Since 1970, Police Week has taken place in May to coincide with Peace Officers Memorial Day, internationally recognized on May 15.
This year, May 10th to 16th has been designated Police Week in Ontario. The provincial theme for 2020 is “Leading the Way to Safer Communities”.
This Ministry of the Solicitor General led initiative, is an annual event that is focused on raising awareness about the great work of police services and showcasing the diversity of roles across the profession.
Saugeen Shores Police Services provides a wide range of services throughout the community, from protection and law enforcement to proactive initiatives involving organizations, businesses and community organizations to ensure the peace and safety of the area.
Prior to COVID-19, as a local police service, Saugeen Shores Police officers who live in their community were very involved in many areas, including hosting station tours, elementary and secondary school drug eduction lectures, talks to senior groups and participating in Cops for Cancer fundraiser and bicycle rodeos, all in addition to crime prevention.
With a population of almost 15,000 over 170 sq. km that includes 432 total kilometers of roads, the service of 26 officers, auxiliary, special constables and the return of the canine unit, is kept busy and must stay vigilant in policing trends and changes in the nature of crime.
With the Opioid crisis, cyber crimes, human trafficking, road safety and property crime, police have to stay modern with tools and training it needs to meet these challenges head on.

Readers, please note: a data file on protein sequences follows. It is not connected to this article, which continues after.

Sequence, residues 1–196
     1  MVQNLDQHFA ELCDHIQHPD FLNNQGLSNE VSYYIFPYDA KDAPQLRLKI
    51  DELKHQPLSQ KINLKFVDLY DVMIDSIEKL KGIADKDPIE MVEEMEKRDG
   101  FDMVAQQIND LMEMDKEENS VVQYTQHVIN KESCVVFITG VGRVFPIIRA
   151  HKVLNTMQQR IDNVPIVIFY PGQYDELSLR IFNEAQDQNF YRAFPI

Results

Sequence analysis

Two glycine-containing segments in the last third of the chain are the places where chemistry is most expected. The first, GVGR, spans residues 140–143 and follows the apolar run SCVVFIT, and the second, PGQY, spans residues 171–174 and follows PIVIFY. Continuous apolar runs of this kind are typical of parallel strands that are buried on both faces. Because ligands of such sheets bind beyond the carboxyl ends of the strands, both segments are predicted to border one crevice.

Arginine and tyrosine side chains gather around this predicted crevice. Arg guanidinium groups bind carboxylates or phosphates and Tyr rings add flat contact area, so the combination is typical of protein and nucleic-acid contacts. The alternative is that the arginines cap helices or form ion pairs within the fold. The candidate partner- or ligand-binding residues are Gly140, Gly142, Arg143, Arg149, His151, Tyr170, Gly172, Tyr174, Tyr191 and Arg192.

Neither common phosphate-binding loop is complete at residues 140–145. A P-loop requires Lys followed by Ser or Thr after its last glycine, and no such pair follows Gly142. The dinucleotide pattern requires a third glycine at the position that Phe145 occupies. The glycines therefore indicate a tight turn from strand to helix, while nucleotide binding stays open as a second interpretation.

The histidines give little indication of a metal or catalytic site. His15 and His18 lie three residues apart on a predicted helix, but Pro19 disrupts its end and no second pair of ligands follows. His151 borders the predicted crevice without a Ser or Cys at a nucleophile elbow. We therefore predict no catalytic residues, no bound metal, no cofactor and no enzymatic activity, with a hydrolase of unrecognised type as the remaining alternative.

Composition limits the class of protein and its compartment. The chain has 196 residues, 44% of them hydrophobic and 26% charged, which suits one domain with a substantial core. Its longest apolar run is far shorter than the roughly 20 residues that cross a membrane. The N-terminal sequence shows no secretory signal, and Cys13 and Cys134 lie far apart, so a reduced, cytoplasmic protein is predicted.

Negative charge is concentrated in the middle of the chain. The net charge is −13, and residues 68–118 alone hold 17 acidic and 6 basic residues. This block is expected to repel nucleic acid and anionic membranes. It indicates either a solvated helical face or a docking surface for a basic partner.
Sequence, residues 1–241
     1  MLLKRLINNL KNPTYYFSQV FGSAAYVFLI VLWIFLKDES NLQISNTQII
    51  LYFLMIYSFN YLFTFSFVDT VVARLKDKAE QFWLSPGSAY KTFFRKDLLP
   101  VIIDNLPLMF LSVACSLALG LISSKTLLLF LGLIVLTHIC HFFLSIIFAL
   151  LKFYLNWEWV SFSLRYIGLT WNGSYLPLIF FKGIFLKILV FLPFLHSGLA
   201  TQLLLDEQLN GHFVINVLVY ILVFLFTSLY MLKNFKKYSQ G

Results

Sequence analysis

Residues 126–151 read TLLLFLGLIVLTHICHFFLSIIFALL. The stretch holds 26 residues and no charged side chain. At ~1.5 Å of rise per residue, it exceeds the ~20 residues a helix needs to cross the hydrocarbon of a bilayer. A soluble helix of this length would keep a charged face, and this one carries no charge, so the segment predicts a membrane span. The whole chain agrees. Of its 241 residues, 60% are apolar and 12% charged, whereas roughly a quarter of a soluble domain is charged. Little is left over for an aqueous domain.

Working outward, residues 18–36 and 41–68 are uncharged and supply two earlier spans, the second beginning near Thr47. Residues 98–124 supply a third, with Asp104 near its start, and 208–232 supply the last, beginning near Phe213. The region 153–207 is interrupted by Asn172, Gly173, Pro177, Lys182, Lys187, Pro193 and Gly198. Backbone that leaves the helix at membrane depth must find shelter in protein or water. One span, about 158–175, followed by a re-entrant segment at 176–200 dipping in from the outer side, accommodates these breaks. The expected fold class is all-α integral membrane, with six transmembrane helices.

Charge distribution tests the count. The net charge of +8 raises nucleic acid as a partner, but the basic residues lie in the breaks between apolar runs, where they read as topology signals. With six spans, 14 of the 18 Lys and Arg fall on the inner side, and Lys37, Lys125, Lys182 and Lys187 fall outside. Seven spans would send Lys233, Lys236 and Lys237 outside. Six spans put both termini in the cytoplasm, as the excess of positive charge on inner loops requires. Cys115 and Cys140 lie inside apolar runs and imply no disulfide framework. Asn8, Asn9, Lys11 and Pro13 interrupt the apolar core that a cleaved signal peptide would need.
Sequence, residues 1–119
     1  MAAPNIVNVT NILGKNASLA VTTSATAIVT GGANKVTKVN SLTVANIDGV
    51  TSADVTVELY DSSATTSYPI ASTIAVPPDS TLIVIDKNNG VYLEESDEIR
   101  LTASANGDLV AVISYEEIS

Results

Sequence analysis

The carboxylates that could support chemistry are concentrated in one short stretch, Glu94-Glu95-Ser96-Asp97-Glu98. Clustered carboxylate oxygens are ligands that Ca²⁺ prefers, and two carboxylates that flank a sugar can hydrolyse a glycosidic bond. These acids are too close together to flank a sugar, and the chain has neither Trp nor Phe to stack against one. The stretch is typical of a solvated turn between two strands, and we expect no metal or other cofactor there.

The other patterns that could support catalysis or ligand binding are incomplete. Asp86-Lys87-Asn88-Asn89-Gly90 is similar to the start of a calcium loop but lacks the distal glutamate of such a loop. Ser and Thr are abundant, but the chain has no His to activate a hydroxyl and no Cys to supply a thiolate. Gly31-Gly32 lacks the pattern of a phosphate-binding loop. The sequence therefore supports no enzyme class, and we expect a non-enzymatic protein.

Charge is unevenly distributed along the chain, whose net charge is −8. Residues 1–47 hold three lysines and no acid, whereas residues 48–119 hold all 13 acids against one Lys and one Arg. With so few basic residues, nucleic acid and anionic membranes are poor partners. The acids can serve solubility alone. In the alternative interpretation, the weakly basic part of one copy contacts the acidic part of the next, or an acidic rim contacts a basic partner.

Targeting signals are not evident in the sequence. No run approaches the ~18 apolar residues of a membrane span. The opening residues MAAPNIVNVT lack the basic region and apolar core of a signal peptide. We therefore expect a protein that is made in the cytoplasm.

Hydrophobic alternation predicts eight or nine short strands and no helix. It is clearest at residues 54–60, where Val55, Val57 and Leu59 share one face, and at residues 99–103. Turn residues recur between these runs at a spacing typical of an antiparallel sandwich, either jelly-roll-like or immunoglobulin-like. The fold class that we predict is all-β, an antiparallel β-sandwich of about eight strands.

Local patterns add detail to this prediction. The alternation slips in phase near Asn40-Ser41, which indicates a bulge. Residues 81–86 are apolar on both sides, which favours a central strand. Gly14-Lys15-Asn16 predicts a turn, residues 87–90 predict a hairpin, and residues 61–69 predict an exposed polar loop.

All members are expected to perform community service functions and various members are trained to specialize in different areas, including:
5- Intoxilyzer Technicians
1- Forensic Identification Officers
3- Scenes of Crime Officers
2 -Use of Force Trainers
1- Ground Search and Rescue Officer
1- Police Service Chaplin
2- C.S.O. Community School Officers
5- Major Crime Investigators
1- Community Watch Liaison Officer
1- Drug Investigation Officer
2- K.I.D.S. program Officers
2- Drug Recognition Expert (D.R.E.)
Several years ago, the community considered changing from a local community police service to the provincial model. The public in the community however, threw its full support behind maintaining the local service for many reasons including speed of response to situations, the fact that the officers live in the community that they protect and therefore, are aware of those who may be unknown and unsavoury and the officers’ participation in community events, both on and off duty.